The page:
MIKE YOUNG ON BLAKE BUTLER: "Blake Butler's synthesis of Lynchian hyperbole and didactic Wu-Tang skank tropes (in the Lacanian mode) causes readers to question anew our semiotic Dairy Queen panopticon. What Roland Barthes called "the grain of the voice" and Jeff Gordon called "I could've won if the other cars had just gotten out of my way" is embodied in Butler's spry, wedgie-tight narratives of American betrayal and disillusioned shopping cart races. Coming strong as dinosaur's breath from the Fugitive poet tradition, think of Butler as a modern day John Crowe Ransom with buck teeth, a penchant for "iced coffee" (in the Derridian sense of the phrase, more than a surface-level thirstiness and rather a concertedly diachronic poop-under-the-bridge aporia), and a finger up yo dirty brain nigguh."

i like suttree

Can someone write an essay or blog post about my poetry that uses the phrase "comic enjambment?" I don't care what else you write. Just the phrase "comic enjambment" and maybe a picture of yourself with your shirt off.

It doesn't even have to be a positive essay. You can talk shit about "comic enjambment" and say that I've "abandoned my lower-middle-management-class roots." You can quote Nietzsche or Ric Flair. It's really all freedom, see?

If you Google the phrase you'll notice it's only been used once online. That means $$$.

I'll write a blog essay about your poetry if you take care of mine. The biological term for this is "jerking each other off."

Think of it like a Nickelodeon gameshow! Go.

UPDATE: Blake Butler has written one and I have written one for him. More! More.

napowrimo #20


I can't remember why I'm buying groceries online.
Save on the frozen black bean mango entrée, sure,
laugh a little. Eat by yourself and laugh a lot,
looking. Hug the walls of the rink and list the
songs you'd request if you were someone who did
that. "I want to be with what the people see."
Sorry. Let's return to our hedonist epic, sure,
yes oh yes, a drop of white lemon up there who.


breaking the record for most posts in a day

Tao doesn't have the only prolific email mother. Here is a story my mother just sent me:


A true story about being in the right place at (more or less;-) the right time.


It was a bright & sunny day. Middle April, not yet May, yet the temperature was pushing 80 degrees-not too uncommon for this area though. Court was adjourned (more on this in a future reference), chores had been dealt with or delegated, bills paid by Dad. What to do now? First things first, of course, delivering paid bills here and there. We drove around in circles a few times; forgetting to post at the P.O., doubling back; forgetting in the midst of conversation about a passionate issue to stop at PG&E and, you guessed it, doubling back. Finally, we were on our way to the "Dry Dock Marina" to pay our next month's trailer space rent. Except for taking a slight wrong turn on the back route and doubling back a bit, we arrived just in time to be met with a welcoming committee of 3 in a golf cart. The mood was upbeat as changes for the better were/are underway. We chatted about this and that, until Dad got restless to put into action the rest of our plan-head to Buck's Lake, see how far we could get (given the time, as it were, not too concerned about the weather). "Let's see how far we can get!" Driving in silence for a while, enjoying the lake view, the trees, the gorgeous blue sky. I commented once that there didn't seem to be much traffic on the road at all, especially for a Friday afternoon.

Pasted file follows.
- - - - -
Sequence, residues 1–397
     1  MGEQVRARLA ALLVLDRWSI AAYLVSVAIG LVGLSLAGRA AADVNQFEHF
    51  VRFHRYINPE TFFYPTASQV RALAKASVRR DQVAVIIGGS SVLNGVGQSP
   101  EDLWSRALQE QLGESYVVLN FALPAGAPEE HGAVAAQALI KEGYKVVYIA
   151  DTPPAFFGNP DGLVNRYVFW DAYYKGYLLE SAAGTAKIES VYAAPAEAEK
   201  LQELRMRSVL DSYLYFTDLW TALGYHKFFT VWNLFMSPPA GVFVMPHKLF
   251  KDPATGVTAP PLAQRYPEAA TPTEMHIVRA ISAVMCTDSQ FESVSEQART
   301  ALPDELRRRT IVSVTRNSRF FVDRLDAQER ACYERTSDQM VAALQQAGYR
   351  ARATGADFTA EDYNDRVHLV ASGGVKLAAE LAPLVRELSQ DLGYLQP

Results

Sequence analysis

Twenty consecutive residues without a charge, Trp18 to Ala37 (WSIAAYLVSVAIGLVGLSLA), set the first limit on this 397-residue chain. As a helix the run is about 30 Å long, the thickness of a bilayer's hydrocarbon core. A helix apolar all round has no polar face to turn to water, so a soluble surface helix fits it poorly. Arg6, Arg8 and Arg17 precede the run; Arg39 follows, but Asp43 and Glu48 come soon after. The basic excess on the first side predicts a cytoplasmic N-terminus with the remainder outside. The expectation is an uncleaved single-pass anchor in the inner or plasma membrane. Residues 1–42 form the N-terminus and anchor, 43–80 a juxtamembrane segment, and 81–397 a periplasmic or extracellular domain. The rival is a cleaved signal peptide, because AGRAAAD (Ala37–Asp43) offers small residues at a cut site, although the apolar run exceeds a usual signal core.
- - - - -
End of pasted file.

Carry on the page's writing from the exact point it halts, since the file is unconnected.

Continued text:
We traveled up the road and through the town of Mountain House, both beginning to reminisce about last winter, the snow long gone. As if with one mind, we began to try to pick out the place where we'd had to turn around on our last trip up the same hill. Looking for the wide spot where we had seen many snow bunnies, some of them perhaps seeing the stuff for the first time. Some lingering patches of snow began to appear as we reached the higher elevations. Mere remnants of what had been.. Then a bit more, and some that had actually drifted out into the road. Not a problem whatsoever for us in our Ranger pick-up. Then, around the next bend, what to our wondering eyes should appear but a miniature car with two very stuck old(er) people! Trying to muscle through an unusually large snowdrift across the road, their little car had just become positively snow bound. She was sitting practically terrified inside, he was outside trying to pick the snow away from the tires with some sort of crow bar. When we pulled up and quickly decided to assist, he simply said, "I'm stuck!" Well, the Mini Cooper came with a rope (mike's note: i still want one if it comes with a rope) and a little place to attach it at the back. Though he couldn't hear very well at all, we managed, after turning our truck around to hook up and tow them far enough out to turn around themselves. In trying to calm the wife a bit, I tromped through the snow (in sneakers, hehe) to ask where they were from-Paradise-and where they were headed, "..just out for a day trip". After thanking us profusely (and possibly their lucky stars, too), they headed back down the hill at a pace that we could barely keep up with. Since it was past 1'0'clock, and it seemed that we had served our purpose, it was time for us to head home too. Until the next time!